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MATCH INFO Who: Iowa State vs. Purdue Where: Columbia, Missouri When: Thursday, 4:30 p.m.
for us,” Lazard said. “Everyone is really excited, it’s like the burst of energy that everyone needed for the last three weeks of the season.”
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many options.” Not only does Iowa State have a number of capable hitters, but they all do different things for the Cyclones. Schaben tends to blast the ball any opportunity she can, Lazard and Samara West both have fast arms and are able to hit a quick set, Conaway runs the slide as well as anyone in the Big 12 and Morgan Kuhrt can place the ball anywhere on the court. “This pick is a great matchup
Nightly Specials : 9pm-Clo se
Happy Hour: M-F 4pm-6pm: 1/2 Select Appetizers, Wells, and Domestics
AUDITIONS! ISU Theatre’s
Fuzzy’s Taco Shop Tuesday, Dec. 6, 6-8 pm
FREE Nacho Bar Register to win a $10 gift card to Fuzzy’s!
(No purchase necessary. Must be present to win.)
THE IMPORTANCE OF BEING EARNEST
Celebrate the 2016-2017 Iowa State men’s and women’s basketball season with the launch of The Iowa State Way magazine and website
AUDITIONS December 5 and 6, 2016 7-10 p.m. 2140 Pearson Hall
REHEARSALS BEGIN January 9
PERFORMANCES February 24 - March 5 Fisher Theater
Roles available for 5 men and 4 women. Pick up audition materials and sign up to audition in 2130 Pearson Hall.
Need more information? E-mail Jane Cox, email@example.com. Funded by Student Government.
The IOWA STATE WAY
Thursday, December 1, 2016
Hockey tries to recapture early-season spark By Mary.Rominger @iowastatedaily.com Halfway through the Cyclone Hockey season, the goal of a national championship remains. Sitting at 10-6-1 and ranked eighth in the nation, the goal is still in clear focus. But Cyclone Hockey has faced challenges as of late, losing six of its last seven games, and has shifted the focus to the details in order to be a competitor in the postseason. Looking back Looking back on the first half of the 2016-17 American Collegiate Hockey Association season, the Cyclones have seen extreme highs and lows. The season opened at home with the Cyclones handedly sweeping Missouri State. Cyclone Hockey was led by Tony Uglem, who led the team’s offense with five points. After the series, the Cyclones were ranked No. 1 in the ACHA rankings for the first time since 1999. Since then, the Cyclones carried the momentum into their next series with a hardfought sweep against Robert Morris. Derek Moser showcased his abilities in the net with a .938 save percentage over the course of three starts. The team’s biggest statement was made in the next series at home against the defending ACHA national champions, Lindenwood. In the nationally broadcast competition, the Cyclones swept the Lions. After the hot start, the Cyclones lost their first game of the season in a split series against Central Oklahoma, but the team bounced back the next weekend to sweep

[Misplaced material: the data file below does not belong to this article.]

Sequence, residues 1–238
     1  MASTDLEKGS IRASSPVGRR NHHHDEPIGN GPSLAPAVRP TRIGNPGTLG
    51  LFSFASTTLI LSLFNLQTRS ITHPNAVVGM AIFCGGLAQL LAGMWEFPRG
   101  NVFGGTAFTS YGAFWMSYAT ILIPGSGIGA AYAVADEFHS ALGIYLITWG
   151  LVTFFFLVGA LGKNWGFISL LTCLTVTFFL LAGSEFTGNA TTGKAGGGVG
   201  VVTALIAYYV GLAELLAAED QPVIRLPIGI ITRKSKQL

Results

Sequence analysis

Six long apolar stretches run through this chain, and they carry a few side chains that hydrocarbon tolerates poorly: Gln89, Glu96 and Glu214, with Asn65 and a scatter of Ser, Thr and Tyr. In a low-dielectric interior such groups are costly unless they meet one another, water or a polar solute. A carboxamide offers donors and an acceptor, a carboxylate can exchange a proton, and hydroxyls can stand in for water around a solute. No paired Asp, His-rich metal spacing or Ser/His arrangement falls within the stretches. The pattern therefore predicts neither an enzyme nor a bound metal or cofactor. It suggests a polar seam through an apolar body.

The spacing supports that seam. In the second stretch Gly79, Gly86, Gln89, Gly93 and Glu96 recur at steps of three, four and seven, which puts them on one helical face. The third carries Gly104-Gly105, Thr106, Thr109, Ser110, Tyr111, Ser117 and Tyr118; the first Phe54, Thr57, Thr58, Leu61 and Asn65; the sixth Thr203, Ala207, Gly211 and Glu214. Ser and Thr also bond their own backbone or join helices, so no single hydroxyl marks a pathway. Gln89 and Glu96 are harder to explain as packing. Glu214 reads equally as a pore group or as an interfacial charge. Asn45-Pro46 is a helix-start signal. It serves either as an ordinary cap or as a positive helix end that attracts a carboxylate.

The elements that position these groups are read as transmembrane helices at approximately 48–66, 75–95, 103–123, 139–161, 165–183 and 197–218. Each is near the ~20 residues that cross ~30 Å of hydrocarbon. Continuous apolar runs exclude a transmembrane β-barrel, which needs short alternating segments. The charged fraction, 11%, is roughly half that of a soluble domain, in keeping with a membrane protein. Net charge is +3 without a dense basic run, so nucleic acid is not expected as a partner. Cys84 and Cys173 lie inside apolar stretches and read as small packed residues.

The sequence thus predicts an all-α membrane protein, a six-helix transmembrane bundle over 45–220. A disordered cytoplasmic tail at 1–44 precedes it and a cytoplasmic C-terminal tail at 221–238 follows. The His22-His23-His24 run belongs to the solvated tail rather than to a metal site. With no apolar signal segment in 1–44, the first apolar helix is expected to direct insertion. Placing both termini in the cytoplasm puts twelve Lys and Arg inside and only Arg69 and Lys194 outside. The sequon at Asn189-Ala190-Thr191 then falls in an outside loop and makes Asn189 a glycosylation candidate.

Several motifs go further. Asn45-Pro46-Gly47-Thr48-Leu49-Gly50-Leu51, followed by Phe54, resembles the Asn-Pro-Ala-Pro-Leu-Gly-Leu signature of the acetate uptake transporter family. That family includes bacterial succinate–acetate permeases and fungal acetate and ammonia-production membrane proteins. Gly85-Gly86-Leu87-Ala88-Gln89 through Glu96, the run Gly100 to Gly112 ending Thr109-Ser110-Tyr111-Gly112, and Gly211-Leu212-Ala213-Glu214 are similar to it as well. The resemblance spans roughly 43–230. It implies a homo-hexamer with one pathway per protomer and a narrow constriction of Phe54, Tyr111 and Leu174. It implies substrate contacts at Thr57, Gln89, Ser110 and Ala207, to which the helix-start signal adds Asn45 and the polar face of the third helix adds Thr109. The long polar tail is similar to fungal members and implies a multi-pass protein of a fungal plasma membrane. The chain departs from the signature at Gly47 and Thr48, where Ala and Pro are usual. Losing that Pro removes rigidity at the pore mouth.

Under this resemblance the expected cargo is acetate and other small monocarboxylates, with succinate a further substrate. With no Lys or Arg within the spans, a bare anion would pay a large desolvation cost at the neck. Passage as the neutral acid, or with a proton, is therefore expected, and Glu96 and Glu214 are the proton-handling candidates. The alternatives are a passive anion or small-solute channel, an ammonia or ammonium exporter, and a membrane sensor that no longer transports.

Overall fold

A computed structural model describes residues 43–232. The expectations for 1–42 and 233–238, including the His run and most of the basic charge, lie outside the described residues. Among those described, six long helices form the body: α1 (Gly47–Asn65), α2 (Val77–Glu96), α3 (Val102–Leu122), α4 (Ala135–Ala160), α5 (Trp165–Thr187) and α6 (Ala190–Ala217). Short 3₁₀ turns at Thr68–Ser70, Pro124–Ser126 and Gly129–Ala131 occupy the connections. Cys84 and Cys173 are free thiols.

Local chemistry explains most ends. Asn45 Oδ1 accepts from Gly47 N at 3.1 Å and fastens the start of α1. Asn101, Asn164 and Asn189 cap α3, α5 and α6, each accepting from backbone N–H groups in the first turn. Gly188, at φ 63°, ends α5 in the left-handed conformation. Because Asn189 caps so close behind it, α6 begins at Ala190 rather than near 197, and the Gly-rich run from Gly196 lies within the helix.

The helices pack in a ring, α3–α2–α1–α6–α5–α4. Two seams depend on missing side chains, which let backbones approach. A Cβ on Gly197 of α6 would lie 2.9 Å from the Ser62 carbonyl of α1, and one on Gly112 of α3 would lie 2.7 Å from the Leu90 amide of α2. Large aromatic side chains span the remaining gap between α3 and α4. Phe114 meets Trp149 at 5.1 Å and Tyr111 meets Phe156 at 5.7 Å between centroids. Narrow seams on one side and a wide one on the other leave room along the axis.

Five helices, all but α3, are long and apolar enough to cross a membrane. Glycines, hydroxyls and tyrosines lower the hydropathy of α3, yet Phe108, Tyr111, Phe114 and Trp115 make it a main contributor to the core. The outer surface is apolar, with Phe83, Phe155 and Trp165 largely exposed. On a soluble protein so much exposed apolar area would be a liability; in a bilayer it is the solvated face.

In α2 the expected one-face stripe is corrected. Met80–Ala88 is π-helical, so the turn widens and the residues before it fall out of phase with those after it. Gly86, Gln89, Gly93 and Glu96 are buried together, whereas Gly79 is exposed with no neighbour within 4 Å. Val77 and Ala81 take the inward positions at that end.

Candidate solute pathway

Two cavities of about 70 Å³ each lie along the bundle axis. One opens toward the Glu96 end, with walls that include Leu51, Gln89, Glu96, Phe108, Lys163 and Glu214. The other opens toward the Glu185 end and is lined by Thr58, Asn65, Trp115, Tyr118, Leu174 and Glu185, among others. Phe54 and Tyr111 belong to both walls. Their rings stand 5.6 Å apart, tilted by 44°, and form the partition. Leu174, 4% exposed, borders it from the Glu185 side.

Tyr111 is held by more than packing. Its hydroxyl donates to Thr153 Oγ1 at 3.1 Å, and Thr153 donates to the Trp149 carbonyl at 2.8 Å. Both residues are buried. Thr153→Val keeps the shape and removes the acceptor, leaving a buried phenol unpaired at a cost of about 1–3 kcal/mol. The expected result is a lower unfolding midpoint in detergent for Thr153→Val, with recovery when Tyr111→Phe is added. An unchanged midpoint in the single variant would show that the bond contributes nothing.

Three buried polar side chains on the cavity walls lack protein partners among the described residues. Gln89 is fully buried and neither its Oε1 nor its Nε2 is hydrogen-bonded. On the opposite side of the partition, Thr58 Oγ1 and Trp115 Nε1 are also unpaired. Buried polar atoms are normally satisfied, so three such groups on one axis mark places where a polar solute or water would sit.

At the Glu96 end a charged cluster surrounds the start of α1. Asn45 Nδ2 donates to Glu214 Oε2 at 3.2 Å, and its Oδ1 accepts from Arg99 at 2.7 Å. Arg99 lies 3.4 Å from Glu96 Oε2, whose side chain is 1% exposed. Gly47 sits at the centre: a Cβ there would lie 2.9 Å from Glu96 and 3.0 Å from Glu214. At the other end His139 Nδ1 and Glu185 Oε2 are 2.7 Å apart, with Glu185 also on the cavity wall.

Illinois on the road. Cyclone Hockey was at its highest with a 9-1 start to the season, but then the team fell into an unexpected “funk,” as coach Jason Fairman described it. In the past month, the Cyclones are 1-5-1. “I’m a little concerned about our play as of late,” Fairman said. “Overall, I think we have a team that can make another national championship run. I don’t know why we shouldn’t be able to. We need to clean some things up before we do that, which I think we will.” What do the Cyclones have moving forward? Heading into the second half of the season, the Cyclones have four games before Winter Break and then will resume play after Christmas. The losses as of late haven’t hurt the Cyclones’ chance of making it to the national tournament. But the upcoming games will be crucial for the team to recapture the groove it was in during its early-season success in order to keep the goal obtainable. “I don’t have any major concerns,” Fairman said. “Teams go through ups and downs through the course of the year, and right now we are going through a down period. It’s happened every year that I’ve been here. If this happens second semester, then I’ll have some concern.” The key to climbing out of the hole the Cyclones dug themselves in the last seven games will be putting forth consistent effort. “We need more consistency,” Fairman said. “Some periods we haven’t put out the effort that is required to win. We have the makeup to be a successful team. I just don’t think we are always willing
AROUND THE ACHA Heading into Thanksgiving break, Minot State was ranked No. 1 and by no surprise considering the regular season success the team had last year. The Ice Bears are 11-1-1 on the season and 2-0 against the
Kylie Kost/Iowa State Daily
Cyclone Hockey captain Kody Reuter (right) goes after the puck on Oct. 21. The Cyclones are 10-6-1 on the season, but haven’t done well in their past few games, going 1-5-1.